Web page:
People were supported to see, when needed, health and social care professionals to make sure they received appropriate care and treatment.

Inspection carried out on 27 April 2015

During an inspection to make sure that the improvements required had been made

We carried out an unannounced comprehensive inspection of this service on 19 January 2015. Breaches of legal requirements were found. These related to infection control, staffing levels, staff training and support, and how people’s consent was obtained. After the comprehensive inspection, the provider wrote to us to say what they would do to meet legal requirements in relation to the breaches. We also found that the service required improvements in how they ensured the care and welfare of people who used the service and how the service ensured that they were providing a good quality service. We issued warning notices and told the provider when they should make improvements by 23 March 2015.

We undertook this focused inspection to check that they had followed their plan and to confirm that they now met legal requirements. This report only covers our findings in relation to those requirements. You can read the report from our last comprehensive inspection, by selecting the 'all reports' link for Saint Mary’s Nursing Home on our website at www.cqc.org.uk.

Saint Mary’s Nursing Home provides accommodation, nursing and personal care for up to 40 older people, some people are living with dementia.

There were 22 people living in the service when we inspected on 27 April 2015. This was an unannounced inspection.

There was not a registered manager in post. A registered manager is a person who has registered with the Care Quality Commission to manage the service. Like registered providers, they are ‘registered persons.’ Registered persons have legal responsibility for meeting the requirements in the Health and Social Care Act 2008 and associated Regulations about how the service is run. There was an acting manager in post who had started working in the service following our last inspection.

There were improved systems in place to meet people’s needs safely. People’s care records had been reviewed and updated to reflect the care and support they required. Staff respected people’s privacy and dignity.

There were now appropriate arrangements in place to protect people from risks associated with infection control.

People’s dietary needs were assessed and actions were taken when there were concerns about people’s wellbeing relating to their nutrition and hydration.

There were sufficient numbers of staff to meet people’s needs. Improvements had been made in how the staff were provided with the training and support they needed to meet people’s needs.

The Care Quality Commission (CQC) monitors the operation of the Deprivation of Liberty (DoLS) which applies to care homes. Staff had been provided with training in Mental Capacity Act 2005 (MCA) and DoLS. The systems in place to obtain and act in accordance with people’s consent had been improved to respect people’s rights and choices.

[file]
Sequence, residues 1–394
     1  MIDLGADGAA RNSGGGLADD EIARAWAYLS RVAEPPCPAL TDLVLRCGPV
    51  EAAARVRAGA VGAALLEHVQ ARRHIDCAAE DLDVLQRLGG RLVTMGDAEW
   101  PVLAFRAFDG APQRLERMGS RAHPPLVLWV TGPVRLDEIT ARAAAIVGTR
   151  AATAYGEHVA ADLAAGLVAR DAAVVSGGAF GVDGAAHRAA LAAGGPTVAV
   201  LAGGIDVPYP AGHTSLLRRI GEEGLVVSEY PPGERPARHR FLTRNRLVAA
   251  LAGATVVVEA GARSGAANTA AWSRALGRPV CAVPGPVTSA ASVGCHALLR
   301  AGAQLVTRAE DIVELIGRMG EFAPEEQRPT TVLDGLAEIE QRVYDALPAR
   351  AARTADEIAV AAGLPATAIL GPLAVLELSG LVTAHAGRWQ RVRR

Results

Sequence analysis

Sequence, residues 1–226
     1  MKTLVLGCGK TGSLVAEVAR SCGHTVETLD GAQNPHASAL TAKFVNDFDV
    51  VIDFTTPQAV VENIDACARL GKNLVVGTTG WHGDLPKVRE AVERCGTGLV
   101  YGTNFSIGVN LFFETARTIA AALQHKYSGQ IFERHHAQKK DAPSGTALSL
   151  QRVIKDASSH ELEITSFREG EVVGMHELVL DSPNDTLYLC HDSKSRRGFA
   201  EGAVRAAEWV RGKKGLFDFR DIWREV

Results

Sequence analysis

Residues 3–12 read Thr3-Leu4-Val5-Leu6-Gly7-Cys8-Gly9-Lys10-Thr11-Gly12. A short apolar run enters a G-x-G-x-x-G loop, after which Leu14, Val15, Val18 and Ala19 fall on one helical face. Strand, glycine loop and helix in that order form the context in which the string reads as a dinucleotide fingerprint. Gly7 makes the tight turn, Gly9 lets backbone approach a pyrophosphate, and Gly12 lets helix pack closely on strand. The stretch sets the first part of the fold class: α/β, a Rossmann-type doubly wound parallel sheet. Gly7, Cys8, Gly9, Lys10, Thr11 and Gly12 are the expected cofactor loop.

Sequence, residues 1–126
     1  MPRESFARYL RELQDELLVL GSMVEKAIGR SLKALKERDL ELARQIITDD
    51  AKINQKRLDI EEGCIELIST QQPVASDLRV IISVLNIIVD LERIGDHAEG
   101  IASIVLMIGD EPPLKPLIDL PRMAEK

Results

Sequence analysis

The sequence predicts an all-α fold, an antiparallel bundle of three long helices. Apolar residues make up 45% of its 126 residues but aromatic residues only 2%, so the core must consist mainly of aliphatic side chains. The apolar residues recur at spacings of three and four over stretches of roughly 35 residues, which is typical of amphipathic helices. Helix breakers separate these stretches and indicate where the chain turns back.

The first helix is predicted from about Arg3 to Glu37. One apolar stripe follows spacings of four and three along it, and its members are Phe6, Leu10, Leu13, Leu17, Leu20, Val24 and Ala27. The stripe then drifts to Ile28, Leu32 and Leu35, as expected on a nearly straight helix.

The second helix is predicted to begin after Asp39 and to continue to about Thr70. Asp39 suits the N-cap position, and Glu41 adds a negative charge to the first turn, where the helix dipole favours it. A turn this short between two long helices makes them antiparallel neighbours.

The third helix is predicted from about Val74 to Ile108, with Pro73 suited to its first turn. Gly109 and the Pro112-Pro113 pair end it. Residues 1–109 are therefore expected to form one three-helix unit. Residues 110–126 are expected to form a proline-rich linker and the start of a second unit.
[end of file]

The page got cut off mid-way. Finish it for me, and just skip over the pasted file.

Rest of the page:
People were supported to see, when needed, health and social care professionals to make sure they received appropriate care and treatment.

There were improvements made in how the service sought people’s views and experiences. Improvements were made in the service’s quality assurance processes. However, these needed to be embedded further to show that the service can sustain the progress made.

Inspection carried out on 19 January 2015

During a routine inspection

We inspected this service on 19 January 2015 and this was an unannounced inspection. Saint Mary’s Nursing Home provides accommodation and personal and nursing care for up to 40 older people. Some people are living with dementia. There were 27 people living in the service when we inspected.

At our last inspection on 3 September 2014, we asked the provider to take action to make improvements in care and welfare of people who use the service, cleanliness and infection control, staff recruitment, training and supervision and assessing and monitoring the quality of the service provision. The provider wrote to us to tell us how they had implemented these improvements. During this inspection we checked on their improvement plan and found that some actions had been completed, but there was need for further improvement and we had identified further issues which needed action.

There was not a registered manager in post. A registered manager is a person who has registered with the Care Quality Commission to manage the service. Like registered providers, they are ‘registered persons.’ Registered persons have legal responsibility for meeting the requirements in the Health and Social Care Act 2008 and associated Regulations about how the service is run. The service was being managed by a registered manager from another of the provider’s services. We refer to this manager in this report as the acting manager.